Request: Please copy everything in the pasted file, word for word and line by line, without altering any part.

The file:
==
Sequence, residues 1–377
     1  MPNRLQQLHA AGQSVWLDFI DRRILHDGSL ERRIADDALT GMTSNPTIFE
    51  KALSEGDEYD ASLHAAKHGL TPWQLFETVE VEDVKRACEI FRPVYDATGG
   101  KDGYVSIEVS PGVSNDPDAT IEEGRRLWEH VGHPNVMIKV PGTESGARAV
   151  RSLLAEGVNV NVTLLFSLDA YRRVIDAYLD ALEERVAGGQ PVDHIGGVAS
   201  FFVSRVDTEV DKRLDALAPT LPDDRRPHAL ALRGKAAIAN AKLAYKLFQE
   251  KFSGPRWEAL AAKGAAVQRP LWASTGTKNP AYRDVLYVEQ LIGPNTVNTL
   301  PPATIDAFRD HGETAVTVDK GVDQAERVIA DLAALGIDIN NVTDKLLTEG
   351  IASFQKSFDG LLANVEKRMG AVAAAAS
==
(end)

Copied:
Sequence, residues 1–377
     1  MPNRLQQLHA AGQSVWLDFI DRRILHDGSL ERRIADDALT GMTSNPTIFE
    51  KALSEGDEYD ASLHAAKHGL TPWQLFETVE VEDVKRACEI FRPVYDATGG
   101  KDGYVSIEVS PGVSNDPDAT IEEGRRLWEH VGHPNVMIKV PGTESGARAV
   151  RSLLAEGVNV NVTLLFSLDA YRRVIDAYLD ALEERVAGGQ PVDHIGGVAS
   201  FFVSRVDTEV DKRLDALAPT LPDDRRPHAL ALRGKAAIAN AKLAYKLFQE
   251  KFSGPRWEAL AAKGAAVQRP LWASTGTKNP AYRDVLYVEQ LIGPNTVNTL
   301  PPATIDAFRD HGETAVTVDK GVDQAERVIA DLAALGIDIN NVTDKLLTEG
   351  IASFQKSFDG LLANVEKRMG AVAAAAS